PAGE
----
The LA Times posted Wednesday's food section tres early on the website--it's usually online after 6pm on Tuesdays--so that gives us a jump on what Miss S. Irene Virbila has to say about the Patina Group's Leatherby's Cafe Rouge in the massively expensive Segerstrom Concert Hall in Orange County. Most people think the Patina-owned restaurants have passed their prime, especially as kingpin Joachim Splichal continues to add on, cater more, build bigger, everywhere. Apparently Miss Irene is still a fan, and honored Rouge three stars. (Mozza got the trifecta last week; these two are comparable?) She gives all the credit to chef Mark Gold, and is so enamored with his food, she even lets a few server upsells pass by with barely a shrug:
Who knew he could cook like this? The California-French fare he produced at Cafe Pinot was fine for that downtown spot, but what he's doing at Leatherby's Cafe Rouge (hereafter referred to as Cafe Rouge) is stronger and more original. Given the opportunity, the 42-year-old chef, a graduate of the the New England Culinary Institute, has turned up the heat from a slow simmer to a rolling boil.That "minor quibble" would've brought any other restaurant down to two or one-and-a-half-stars--or even worse, a half star. Maybe the highway fumes got to her on the way down to Costa Mesa, so this week, the "S." stands for "stoned," as in 'she must be.'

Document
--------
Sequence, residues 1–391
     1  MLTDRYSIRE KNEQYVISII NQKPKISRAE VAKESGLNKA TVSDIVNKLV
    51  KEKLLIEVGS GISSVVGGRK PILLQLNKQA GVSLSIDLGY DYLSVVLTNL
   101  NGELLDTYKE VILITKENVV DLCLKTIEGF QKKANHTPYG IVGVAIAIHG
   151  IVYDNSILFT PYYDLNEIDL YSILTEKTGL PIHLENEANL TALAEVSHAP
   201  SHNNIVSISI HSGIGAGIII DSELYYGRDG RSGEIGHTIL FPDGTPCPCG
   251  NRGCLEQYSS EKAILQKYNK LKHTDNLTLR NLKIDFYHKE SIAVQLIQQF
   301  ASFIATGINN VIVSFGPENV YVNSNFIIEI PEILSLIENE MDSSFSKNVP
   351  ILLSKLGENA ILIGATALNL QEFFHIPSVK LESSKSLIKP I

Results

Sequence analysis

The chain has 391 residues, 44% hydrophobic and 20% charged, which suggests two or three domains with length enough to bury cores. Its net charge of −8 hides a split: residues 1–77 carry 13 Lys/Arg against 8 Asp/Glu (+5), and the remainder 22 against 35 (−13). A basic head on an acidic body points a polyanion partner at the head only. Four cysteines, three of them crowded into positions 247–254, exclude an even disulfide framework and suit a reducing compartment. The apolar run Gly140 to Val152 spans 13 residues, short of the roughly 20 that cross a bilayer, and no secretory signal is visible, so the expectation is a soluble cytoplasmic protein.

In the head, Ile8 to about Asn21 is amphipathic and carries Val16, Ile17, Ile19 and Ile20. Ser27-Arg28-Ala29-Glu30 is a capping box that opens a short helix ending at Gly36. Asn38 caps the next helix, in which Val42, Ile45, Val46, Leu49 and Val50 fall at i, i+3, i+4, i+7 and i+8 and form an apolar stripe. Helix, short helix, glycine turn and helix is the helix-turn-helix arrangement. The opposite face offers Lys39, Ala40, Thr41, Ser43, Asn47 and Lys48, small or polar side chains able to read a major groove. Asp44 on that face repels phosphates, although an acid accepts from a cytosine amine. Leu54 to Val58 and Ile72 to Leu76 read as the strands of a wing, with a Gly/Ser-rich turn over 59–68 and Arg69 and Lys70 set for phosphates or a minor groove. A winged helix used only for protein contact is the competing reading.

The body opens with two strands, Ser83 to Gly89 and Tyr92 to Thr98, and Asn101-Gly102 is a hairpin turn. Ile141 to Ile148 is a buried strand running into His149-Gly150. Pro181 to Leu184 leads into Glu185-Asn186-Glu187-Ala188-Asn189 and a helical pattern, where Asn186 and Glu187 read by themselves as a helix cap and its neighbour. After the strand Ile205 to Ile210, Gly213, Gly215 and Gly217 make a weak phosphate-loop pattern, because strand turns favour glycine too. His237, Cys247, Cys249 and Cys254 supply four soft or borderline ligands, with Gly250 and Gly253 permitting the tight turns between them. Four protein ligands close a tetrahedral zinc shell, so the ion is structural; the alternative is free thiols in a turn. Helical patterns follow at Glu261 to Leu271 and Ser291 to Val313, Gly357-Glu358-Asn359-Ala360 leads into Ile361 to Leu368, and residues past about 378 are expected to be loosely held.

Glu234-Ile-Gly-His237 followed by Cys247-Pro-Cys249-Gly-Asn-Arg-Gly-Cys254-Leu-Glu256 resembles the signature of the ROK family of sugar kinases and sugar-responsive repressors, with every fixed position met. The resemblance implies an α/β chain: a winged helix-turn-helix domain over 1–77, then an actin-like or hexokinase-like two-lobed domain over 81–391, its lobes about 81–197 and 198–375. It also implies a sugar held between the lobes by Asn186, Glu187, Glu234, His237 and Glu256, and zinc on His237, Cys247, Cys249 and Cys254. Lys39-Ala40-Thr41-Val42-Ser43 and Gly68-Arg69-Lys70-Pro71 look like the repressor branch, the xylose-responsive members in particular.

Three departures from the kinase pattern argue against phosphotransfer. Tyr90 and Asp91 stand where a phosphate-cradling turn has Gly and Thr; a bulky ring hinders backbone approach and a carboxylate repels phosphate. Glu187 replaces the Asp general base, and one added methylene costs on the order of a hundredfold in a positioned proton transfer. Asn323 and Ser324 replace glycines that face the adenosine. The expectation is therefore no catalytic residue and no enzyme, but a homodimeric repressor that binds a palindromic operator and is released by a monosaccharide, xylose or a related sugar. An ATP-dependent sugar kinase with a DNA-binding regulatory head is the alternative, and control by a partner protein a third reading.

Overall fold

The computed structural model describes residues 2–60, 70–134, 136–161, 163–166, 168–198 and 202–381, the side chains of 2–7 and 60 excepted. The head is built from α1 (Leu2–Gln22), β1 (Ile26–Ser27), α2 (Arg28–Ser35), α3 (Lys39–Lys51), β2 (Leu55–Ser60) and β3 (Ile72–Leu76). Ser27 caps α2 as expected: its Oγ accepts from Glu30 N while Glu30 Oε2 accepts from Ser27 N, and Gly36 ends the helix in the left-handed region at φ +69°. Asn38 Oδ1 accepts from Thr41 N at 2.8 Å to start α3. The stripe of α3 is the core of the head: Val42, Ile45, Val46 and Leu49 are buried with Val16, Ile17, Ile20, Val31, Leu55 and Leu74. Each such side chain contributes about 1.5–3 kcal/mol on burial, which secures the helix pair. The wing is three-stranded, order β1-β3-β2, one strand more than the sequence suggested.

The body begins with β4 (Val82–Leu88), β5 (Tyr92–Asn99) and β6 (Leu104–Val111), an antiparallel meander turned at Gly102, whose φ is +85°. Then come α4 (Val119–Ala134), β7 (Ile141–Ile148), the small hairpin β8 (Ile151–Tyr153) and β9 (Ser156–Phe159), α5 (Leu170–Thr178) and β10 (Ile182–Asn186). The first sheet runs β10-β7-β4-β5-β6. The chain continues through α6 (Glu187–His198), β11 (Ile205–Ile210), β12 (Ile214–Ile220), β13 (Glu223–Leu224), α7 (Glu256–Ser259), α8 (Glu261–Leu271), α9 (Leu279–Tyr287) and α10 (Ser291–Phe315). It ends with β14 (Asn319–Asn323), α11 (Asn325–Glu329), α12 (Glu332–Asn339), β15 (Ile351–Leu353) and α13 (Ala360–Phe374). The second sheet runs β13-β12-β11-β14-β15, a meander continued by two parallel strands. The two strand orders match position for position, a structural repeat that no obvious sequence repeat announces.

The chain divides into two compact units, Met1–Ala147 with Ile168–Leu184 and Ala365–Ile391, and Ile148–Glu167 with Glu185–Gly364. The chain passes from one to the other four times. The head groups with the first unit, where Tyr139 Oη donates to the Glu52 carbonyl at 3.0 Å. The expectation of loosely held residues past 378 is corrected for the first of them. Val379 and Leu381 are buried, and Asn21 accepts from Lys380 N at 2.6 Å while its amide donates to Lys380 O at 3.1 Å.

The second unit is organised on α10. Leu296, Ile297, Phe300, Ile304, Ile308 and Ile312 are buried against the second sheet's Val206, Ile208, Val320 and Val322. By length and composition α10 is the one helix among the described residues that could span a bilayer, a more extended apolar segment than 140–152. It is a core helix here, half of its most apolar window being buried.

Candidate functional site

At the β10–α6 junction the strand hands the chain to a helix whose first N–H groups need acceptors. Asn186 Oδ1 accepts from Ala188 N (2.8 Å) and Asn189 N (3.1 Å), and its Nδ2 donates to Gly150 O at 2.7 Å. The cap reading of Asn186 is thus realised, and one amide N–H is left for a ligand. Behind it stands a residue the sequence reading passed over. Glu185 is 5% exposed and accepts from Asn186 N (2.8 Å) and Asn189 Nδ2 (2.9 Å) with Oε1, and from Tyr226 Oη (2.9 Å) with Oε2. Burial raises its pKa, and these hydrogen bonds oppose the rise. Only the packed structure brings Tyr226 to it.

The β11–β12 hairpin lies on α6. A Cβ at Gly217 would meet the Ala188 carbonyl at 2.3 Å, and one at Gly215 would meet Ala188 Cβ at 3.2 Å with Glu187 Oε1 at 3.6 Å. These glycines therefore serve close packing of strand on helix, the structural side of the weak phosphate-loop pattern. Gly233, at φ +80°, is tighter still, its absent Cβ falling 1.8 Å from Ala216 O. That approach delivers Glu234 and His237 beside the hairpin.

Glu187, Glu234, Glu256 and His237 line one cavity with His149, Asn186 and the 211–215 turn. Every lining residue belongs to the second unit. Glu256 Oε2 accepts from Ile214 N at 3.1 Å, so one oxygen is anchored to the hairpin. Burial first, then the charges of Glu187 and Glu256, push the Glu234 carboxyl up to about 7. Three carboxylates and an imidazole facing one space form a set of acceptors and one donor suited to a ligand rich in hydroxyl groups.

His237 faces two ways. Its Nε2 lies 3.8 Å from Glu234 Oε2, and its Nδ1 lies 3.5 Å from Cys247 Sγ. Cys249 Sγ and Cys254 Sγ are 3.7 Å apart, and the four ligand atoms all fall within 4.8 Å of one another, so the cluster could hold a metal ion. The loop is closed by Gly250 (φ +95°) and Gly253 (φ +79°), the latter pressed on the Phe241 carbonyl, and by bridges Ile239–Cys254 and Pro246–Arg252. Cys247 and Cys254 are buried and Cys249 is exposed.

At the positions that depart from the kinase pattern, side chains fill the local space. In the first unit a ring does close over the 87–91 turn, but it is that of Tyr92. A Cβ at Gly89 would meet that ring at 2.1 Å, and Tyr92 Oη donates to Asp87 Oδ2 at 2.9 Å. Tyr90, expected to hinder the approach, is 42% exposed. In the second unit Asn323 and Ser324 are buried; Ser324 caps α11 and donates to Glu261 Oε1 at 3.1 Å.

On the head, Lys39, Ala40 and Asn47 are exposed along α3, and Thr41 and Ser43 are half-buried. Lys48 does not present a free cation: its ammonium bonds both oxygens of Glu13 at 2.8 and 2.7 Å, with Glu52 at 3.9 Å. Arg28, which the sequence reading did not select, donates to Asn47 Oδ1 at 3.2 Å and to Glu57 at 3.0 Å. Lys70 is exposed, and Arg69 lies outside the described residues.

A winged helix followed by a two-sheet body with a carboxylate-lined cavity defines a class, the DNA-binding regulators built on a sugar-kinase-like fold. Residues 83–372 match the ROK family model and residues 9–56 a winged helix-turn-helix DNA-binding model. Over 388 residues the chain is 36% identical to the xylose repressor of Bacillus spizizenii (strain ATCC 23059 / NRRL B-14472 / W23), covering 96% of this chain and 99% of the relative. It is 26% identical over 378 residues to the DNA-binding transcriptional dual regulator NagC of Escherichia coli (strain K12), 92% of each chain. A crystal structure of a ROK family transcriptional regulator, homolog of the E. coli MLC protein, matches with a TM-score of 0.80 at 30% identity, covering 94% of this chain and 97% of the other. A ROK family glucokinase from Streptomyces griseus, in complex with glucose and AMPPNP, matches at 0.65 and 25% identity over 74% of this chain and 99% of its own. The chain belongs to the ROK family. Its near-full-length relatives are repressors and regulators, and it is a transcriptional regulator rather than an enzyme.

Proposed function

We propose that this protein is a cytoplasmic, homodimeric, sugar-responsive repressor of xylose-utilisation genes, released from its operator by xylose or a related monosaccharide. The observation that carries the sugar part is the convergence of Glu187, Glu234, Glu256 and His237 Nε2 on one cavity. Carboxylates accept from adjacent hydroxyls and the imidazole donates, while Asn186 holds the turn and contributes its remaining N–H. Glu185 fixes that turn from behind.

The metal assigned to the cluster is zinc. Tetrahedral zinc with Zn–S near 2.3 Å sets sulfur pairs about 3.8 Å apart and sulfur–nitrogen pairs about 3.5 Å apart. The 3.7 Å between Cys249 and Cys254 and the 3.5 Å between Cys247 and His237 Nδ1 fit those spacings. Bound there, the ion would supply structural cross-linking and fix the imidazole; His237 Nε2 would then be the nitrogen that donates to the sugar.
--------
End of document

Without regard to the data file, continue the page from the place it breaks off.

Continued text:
...I knew adding toro would mean a higher tariff, but I still think someone should have clarified the price beforehand. Nor did anyone mention that the glass of marvelous sake suggested is $30. It's a minor quibble.
ELSEWHERE: The Times goes on the road to San Francisco and Vegas, and to Korea by way of L.A. Omogari; The Knife approves La Cachette for CAA; downtown's L'Artisan du Chocolat is paid a visit, as is Caffe Luxxe on Montana, Scoops, Celadon, and a truck worth stopping for, Tacos Carillo.